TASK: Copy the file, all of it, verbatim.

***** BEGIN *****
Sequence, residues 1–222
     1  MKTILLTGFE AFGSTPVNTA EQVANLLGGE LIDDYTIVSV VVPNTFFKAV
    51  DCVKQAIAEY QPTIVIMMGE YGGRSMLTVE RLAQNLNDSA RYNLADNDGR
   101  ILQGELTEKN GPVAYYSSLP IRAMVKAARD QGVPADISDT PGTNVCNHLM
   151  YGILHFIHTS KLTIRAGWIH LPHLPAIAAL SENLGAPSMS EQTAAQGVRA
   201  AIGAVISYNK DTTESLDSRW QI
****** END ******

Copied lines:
Sequence, residues 1–222
     1  MKTILLTGFE AFGSTPVNTA EQVANLLGGE LIDDYTIVSV VVPNTFFKAV
    51  DCVKQAIAEY QPTIVIMMGE YGGRSMLTVE RLAQNLNDSA RYNLADNDGR
   101  ILQGELTEKN GPVAYYSSLP IRAMVKAARD QGVPADISDT PGTNVCNHLM
   151  YGILHFIHTS KLTIRAGWIH LPHLPAIAAL SENLGAPSMS EQTAAQGVRA
   201  AIGAVISYNK DTTESLDSRW QI